Allen Banks and Staward Gorge was badly damaged during Storm Desmond and unfortunately, remains closed.
The damage resulted in many destabilising landslips, the uprooting of large trees, erosion to the river bank and the much loved wobbly bridge being washed away.
The devastation began in December when Storm Desmond hit the North of England. At Allen Banks the suspension bridge, which had just been rebuilt after being damaged by a storm in 2013, was badly hit and much of it was washed away.
The whole area is thought to be unstable and movement in the land is being seen daily. Rangers are constantly assessing the land and you can keep up to date with any progress via Facebook and twitter.
About Allen Banks and Staward Gorge:
This extensive woodland area of gorge and river scenery, including the 41-hectare (101-acre) Site of Special Scientific Interest (SSSI), has miles of waymarked walks through ornamental and ancient woods.
Largely created by Susan Davidson, Allen Banks has become a fantastic home for nature such as flora, fauna and fungi. It is also well known for its carpet of bluebells and ramsons, commonly known as wild garlic, which covers the woodland floor in spring and early summer.
There's the remains of a medieval pele tower and a reconstructed Victorian summerhouse and ornamental pond during the wonderful woodland walks.
There are also over 70 species of birds that have been spotted at Allen Banks and a number of mammals such as roe deer, dormice, otters and bats.
NB: All woodland area sits within the North Pennines, AONB
|Type||Entry for||Guide price|
Free parking until 10am.
Car parking available
Free until 10am
There are picnic benches provided on site
Allen Banks woodland is perfect for dogs to run free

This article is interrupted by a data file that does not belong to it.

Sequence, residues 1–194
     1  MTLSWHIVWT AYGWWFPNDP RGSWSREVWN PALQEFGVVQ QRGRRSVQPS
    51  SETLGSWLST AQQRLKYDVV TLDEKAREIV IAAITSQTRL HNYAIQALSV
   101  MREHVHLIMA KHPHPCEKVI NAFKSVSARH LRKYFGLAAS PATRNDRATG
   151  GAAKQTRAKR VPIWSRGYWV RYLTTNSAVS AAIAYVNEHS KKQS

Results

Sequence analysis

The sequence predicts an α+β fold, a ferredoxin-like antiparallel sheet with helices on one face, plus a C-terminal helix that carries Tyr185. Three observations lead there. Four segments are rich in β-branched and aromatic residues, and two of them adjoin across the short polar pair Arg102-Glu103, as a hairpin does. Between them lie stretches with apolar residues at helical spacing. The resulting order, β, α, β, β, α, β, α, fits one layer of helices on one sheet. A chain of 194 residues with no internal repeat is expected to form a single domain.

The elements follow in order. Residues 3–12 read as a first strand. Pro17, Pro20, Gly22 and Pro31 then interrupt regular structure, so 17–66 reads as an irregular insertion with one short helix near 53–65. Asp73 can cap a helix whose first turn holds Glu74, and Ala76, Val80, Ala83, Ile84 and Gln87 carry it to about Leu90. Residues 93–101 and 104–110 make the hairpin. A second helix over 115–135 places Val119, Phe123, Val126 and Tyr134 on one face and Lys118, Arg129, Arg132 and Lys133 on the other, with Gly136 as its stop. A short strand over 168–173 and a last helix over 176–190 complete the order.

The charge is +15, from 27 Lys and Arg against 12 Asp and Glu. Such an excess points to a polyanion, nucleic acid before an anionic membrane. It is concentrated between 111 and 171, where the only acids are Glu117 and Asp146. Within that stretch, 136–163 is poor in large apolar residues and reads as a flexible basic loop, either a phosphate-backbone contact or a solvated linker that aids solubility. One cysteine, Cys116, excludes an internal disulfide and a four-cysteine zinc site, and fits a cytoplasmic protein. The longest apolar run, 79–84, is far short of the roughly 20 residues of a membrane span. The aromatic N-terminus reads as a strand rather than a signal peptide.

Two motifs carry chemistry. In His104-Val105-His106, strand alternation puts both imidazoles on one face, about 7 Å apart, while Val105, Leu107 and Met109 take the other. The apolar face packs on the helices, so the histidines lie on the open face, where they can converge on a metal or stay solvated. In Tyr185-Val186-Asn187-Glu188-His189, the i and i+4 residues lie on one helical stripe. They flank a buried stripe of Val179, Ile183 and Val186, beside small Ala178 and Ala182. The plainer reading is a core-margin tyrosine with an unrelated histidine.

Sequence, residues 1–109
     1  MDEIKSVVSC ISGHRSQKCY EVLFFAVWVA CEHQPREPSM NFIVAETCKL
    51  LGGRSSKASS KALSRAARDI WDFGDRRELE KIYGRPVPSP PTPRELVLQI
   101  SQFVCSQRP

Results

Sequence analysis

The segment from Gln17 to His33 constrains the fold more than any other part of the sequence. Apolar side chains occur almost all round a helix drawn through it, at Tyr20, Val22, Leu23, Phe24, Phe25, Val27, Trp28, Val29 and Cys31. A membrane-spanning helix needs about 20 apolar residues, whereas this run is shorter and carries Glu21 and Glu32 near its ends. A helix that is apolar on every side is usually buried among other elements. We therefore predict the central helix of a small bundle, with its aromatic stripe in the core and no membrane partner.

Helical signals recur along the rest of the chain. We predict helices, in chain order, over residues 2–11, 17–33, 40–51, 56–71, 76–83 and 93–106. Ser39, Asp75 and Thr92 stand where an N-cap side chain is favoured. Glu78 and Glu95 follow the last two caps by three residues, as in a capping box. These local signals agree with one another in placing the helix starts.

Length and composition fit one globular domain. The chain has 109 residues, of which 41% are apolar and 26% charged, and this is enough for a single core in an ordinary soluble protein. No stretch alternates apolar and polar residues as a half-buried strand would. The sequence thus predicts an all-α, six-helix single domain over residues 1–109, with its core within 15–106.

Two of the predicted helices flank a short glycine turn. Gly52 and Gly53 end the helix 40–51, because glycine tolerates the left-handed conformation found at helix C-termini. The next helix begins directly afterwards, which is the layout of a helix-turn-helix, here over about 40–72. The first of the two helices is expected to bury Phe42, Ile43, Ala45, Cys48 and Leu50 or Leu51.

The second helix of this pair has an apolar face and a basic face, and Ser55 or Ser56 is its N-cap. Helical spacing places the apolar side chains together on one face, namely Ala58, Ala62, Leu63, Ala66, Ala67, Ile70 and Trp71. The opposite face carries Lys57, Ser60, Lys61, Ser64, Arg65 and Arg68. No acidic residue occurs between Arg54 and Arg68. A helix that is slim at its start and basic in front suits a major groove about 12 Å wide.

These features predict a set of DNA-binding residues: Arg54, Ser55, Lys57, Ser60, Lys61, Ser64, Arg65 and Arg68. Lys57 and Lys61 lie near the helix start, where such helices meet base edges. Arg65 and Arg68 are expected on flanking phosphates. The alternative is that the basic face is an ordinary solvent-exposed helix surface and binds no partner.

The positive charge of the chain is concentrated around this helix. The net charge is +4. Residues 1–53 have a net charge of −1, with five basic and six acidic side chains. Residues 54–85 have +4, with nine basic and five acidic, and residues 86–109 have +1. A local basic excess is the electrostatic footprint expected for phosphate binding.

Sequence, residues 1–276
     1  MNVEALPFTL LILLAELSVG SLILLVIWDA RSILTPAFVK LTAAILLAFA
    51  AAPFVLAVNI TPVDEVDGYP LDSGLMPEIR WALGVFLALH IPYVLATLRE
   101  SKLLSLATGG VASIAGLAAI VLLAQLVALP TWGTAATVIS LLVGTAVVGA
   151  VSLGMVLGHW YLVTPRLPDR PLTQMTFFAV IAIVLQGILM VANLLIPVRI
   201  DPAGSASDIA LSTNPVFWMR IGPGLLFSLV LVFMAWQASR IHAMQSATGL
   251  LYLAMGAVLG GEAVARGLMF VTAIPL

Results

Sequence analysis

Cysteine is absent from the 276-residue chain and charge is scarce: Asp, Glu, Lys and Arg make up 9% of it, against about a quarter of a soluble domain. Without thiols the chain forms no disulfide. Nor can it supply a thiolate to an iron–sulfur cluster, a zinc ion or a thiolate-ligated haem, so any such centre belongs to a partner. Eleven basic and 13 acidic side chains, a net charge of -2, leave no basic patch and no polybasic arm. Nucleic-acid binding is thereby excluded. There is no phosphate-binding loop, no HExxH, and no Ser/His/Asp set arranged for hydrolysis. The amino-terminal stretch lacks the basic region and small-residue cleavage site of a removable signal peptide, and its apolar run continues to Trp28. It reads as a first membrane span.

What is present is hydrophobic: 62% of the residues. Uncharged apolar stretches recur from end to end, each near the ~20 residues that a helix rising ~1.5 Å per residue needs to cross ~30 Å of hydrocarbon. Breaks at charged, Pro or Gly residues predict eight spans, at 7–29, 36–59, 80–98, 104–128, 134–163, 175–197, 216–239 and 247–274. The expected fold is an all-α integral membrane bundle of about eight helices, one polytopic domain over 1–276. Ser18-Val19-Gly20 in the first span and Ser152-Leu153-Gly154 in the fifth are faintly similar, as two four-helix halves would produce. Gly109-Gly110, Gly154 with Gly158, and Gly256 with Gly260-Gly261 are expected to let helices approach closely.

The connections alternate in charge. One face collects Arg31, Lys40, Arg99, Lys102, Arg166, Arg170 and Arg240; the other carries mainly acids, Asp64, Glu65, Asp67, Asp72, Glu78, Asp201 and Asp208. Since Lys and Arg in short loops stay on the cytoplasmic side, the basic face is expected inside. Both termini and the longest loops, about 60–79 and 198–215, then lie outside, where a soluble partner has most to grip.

Open all year
JN1230, Westcliff-on-Sea, United Kingdom
The land is owned by the National Trust but entry is free of charge. There is a large car park with toilets. There were no trail maps except for a large one at the start. We took a photo so we knew where we were. We took the ‘brown’ route which was a three mile circular route. Other shorter and longer routes are available. The route was reasonably well marked with only an occasional marker missing. This was where the photo helped. The path meandered along the river, up and down through the woods. In places it was rough with steep drops down to the river. If you enjoy medium difficulty terrain going through woodlands and meadows this is a fabulous walk. Walking boots are recommended. We met somebody who had seen a Red Squirrel. We didn’t!
First visit to Plankey Mill.
We parked in the National Trust car park and chose the ‘brown walk’ which was a round trip of 3 miles. It was a lovely sunny day with a slight breeze which made the stroll very pleasant. The scenery is quite stunning, part of the footpath had recently been replaced and repaired (not sure when this had happened) with care and thought. The river was on our left, the path wound through mature woodland with regular views of the clear waters below. The ‘new footbridge’ which replaced the ‘wobbly bridge’ was the turning point for our journey back to the car park. Worth a visit. If you want a bit of peace and quiet for a couple of hours accompanied by bird song and a gently bubbling river. This is the walk for you.
Beautiful hilly 10k walk
Gosia_Nap, Newcastle upon Tyne, United Kingdom
We left the car (free parking for National Trust members) and started to follow brown route - until we reached the farm and then took green route - back to the farm and brown route again to go back to parking (the other site of the river). It was 10km in total. What a beautiful walk! I have to admit I was expecting flat easy route but, especially green route, is quiet hilly and challenging. Quiet muddy in the parts you wouldn’t expect it to be. I was so glad I took trekking shoes, bottle of water and couple of snacks!
Despite the rain it was a very enjoyable walk, with some stunning views. Some of the signage for the different walks are missing however that does not detract from how easy it complete a circular walk. As National Trust members the car park is free when you scan your membership card, but don't know the cost if a none member.
What a treat
Our first visit here, although my wife had been when she was a child. A family of 4 with 2 young boys and they loved it. We walked a good few miles along the river paths and then down to the water. A lovely place to visit and to get away from things. Toilets are on site and are clean but no food facilities are present so remember to take a picnic. One word of note is that the pathways are not flat and steps are steep so not suited to those with mobility issues.